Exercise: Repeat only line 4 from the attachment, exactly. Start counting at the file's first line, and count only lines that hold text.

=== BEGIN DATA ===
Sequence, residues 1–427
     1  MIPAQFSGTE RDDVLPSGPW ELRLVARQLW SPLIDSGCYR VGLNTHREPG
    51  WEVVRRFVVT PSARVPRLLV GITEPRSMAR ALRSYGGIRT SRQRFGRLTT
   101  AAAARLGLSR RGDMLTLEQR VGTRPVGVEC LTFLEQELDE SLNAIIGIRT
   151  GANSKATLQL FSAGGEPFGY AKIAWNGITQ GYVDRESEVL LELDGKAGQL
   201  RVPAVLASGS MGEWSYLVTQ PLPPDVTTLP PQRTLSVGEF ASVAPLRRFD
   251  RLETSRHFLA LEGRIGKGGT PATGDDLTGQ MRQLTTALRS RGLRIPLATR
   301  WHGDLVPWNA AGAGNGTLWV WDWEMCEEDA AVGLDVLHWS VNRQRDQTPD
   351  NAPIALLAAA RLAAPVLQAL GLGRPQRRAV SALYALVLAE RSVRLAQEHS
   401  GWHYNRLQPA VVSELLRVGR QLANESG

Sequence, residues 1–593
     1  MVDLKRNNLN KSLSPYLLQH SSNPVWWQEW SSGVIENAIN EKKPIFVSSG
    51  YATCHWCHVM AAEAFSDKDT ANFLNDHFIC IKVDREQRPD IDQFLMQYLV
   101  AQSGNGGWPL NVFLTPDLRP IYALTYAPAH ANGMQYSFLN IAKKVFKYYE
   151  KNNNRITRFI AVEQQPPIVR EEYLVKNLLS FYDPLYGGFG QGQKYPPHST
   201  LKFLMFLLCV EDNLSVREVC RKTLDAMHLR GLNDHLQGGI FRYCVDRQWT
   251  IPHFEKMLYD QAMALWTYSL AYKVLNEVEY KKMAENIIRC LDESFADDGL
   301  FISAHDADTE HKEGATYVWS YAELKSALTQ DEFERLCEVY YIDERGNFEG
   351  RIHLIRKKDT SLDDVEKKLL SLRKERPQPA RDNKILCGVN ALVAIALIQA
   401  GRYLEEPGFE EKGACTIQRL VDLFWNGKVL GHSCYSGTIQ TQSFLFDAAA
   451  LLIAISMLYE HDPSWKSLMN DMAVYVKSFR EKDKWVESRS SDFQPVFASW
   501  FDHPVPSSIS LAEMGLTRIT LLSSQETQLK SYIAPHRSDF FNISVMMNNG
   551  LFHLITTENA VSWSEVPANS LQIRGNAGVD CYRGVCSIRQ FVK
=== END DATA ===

   101  AAAARLGLSR RGDMLTLEQR VGTRPVGVEC LTFLEQELDE SLNAIIGIRT